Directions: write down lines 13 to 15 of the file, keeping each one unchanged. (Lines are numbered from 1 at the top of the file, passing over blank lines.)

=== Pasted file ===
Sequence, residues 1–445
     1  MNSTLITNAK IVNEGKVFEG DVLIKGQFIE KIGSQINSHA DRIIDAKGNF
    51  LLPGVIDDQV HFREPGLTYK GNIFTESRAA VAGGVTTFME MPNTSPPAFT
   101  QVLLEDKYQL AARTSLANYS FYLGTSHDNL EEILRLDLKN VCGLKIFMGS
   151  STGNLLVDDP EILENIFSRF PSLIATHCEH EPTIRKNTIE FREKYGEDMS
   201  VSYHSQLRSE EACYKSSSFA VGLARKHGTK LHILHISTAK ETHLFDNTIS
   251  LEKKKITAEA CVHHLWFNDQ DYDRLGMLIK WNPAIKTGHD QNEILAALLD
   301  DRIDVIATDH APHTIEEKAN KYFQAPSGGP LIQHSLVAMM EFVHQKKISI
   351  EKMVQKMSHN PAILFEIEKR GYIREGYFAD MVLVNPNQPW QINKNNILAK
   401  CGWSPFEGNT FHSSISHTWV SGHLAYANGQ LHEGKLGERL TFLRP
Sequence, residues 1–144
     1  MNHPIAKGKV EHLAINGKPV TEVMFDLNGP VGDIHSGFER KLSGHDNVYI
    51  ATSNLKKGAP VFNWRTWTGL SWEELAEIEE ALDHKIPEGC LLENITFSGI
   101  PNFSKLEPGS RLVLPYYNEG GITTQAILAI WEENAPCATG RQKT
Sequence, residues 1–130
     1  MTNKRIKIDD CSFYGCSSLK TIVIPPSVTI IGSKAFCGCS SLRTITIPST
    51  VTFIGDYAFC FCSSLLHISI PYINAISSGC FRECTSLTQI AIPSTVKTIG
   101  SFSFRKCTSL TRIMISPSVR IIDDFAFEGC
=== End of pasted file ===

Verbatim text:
    51  ATSNLKKGAP VFNWRTWTGL SWEELAEIEE ALDHKIPEGC LLENITFSGI
   101  PNFSKLEPGS RLVLPYYNEG GITTQAILAI WEENAPCATG RQKT
Sequence, residues 1–130